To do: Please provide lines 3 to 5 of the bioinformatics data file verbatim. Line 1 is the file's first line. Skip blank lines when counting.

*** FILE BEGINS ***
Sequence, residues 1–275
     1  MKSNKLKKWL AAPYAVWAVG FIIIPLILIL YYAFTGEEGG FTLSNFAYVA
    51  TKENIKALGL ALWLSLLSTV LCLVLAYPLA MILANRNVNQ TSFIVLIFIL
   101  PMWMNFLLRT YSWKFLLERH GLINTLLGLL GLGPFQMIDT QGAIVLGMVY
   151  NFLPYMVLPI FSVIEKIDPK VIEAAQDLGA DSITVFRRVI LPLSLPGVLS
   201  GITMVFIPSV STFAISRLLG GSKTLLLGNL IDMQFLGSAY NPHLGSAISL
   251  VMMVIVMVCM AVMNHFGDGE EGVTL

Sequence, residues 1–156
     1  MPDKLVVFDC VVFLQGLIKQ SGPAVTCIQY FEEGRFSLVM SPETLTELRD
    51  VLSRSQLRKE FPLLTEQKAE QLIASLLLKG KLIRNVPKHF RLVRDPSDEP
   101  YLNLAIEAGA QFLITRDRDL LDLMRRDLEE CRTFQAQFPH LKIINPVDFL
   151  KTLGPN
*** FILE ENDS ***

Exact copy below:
    51  TKENIKALGL ALWLSLLSTV LCLVLAYPLA MILANRNVNQ TSFIVLIFIL
   101  PMWMNFLLRT YSWKFLLERH GLINTLLGLL GLGPFQMIDT QGAIVLGMVY
   151  NFLPYMVLPI FSVIEKIDPK VIEAAQDLGA DSITVFRRVI LPLSLPGVLS